(215g) Study On Supercritical Water Oxidation of Quinoline Wastewater | AIChE

(215g) Study On Supercritical Water Oxidation of Quinoline Wastewater


Dong, X. - Presenter, Tianjin University
Li, Y., Tianjin University
Ma, J., Tianjin University
Li, G., Tianjin University

Complex N-containing organic wastewater, which is hazard and will cause serious environment problems, is increasingly generated from industry. Quinoline is a typical N-containing compound, which is highly refractory. Supercritical water oxidation (SCWO) is a forthcoming technology for the treatment of wastewater containing non-biodegradable compounds. In this paper, the supercritical water oxidation of quinoline was investigated with hydrogen peroxide as oxidant.

  The operating conditions of SCWO process were studied by the response surface methodology (RSM) and central composite design (CCD). The effects of temperature, pressure, residence time and excess oxidation ratio on the organics removal were investigated. The optimum condition for the wastewater treatment was obtained. The optimum temperature, pressure, residence time and excess oxidation ratio were found to be 441℃, 25MPa, 60s and 2.48 respectively.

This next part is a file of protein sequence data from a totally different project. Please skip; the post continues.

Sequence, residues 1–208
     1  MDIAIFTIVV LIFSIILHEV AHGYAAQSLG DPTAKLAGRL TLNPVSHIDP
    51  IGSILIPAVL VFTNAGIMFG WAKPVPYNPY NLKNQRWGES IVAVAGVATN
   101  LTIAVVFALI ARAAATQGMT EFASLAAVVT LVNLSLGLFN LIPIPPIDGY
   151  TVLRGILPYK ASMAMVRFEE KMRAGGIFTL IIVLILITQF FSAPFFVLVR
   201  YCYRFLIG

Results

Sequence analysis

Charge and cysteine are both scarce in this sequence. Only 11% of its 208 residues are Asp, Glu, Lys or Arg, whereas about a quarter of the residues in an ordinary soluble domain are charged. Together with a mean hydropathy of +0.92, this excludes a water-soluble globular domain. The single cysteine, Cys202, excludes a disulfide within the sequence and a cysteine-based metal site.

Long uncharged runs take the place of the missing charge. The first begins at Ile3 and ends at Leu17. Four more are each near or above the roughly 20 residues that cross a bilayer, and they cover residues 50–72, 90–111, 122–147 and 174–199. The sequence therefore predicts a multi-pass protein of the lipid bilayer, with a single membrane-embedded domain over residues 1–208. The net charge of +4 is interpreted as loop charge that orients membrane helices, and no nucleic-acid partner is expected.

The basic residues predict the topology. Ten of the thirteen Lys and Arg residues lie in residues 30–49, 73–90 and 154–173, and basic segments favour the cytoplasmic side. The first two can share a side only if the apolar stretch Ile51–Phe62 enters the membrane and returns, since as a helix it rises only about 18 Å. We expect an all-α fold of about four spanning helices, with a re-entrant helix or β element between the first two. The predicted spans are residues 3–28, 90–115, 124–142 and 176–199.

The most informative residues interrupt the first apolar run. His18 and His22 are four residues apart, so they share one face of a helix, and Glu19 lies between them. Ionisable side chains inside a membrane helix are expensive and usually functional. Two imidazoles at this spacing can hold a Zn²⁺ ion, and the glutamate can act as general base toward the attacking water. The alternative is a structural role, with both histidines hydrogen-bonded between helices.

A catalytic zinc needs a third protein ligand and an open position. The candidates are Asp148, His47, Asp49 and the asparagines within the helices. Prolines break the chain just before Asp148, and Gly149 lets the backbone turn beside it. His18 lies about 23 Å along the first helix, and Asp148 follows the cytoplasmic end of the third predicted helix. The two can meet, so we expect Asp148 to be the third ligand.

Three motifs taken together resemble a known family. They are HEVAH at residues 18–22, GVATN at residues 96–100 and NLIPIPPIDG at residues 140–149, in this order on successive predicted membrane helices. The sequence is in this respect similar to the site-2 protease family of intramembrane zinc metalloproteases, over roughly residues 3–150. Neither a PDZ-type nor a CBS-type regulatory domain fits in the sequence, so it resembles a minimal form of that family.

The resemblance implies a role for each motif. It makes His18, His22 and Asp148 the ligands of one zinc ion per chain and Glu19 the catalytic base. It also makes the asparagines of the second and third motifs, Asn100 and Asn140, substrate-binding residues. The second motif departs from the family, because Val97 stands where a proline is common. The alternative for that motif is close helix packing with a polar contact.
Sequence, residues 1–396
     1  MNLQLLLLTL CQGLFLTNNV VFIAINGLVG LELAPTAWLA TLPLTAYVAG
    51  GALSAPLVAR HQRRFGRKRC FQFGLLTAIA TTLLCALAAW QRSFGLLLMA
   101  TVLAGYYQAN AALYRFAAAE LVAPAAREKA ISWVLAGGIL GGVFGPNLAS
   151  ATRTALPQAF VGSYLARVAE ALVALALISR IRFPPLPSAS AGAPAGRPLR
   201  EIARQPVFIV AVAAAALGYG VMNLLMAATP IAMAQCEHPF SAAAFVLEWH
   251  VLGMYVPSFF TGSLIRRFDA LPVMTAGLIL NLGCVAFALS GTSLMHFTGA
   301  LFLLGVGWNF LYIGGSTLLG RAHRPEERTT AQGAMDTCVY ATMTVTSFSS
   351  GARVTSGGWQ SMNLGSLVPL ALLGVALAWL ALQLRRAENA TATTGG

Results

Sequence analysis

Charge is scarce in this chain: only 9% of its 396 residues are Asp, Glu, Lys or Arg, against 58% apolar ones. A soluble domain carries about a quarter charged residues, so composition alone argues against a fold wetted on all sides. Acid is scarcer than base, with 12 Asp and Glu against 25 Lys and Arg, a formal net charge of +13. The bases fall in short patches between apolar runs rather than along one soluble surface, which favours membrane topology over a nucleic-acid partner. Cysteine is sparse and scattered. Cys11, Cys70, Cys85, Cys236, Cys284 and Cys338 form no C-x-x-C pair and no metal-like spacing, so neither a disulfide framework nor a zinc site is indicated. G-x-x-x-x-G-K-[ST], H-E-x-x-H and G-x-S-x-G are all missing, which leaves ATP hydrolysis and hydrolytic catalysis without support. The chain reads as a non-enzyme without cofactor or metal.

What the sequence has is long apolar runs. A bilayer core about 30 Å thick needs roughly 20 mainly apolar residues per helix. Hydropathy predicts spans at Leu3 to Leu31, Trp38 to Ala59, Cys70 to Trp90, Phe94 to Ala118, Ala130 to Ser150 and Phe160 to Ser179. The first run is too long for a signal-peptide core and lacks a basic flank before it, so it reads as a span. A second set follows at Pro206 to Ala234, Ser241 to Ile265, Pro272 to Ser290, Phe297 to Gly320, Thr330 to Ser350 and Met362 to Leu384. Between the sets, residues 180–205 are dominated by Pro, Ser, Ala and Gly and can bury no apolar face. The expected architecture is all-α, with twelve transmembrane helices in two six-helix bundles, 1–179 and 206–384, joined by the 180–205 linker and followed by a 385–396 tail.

The liquid and gas products were analyzed after experiment. The carbon of quinoline was mainly oxidized into carbon dioxide and small amount of carbon monoxide. Nitrogen atom of quimoline was mainly transformed into ammonia, nitrogen and little amount of N-containing compounds. It was found that increasing the temperature was benefit for the generation of gas and ammonia. Pressure had little effect on the content of products. The increase of the residence time and the excess oxidation could benefit the conversion of carbon monoxide into carbon dioxide. Quinoline oxidation in supercritical water was investigated over the temperature range of 440~460℃ and the pressure range of 25~27MPa, with the residence time of 60~80s and excess oxidation ratio of 2~3. At these conditions, 70~80% of carbon were oxidized into carbon dioxide, while 10~15% of carbon was oxidized into carbon monoxide. 25~30% of nitrogen was converted into ammonia and 55~60% of nitrogen was changed into nitrogen. The TOC removal was between 94% and 98%.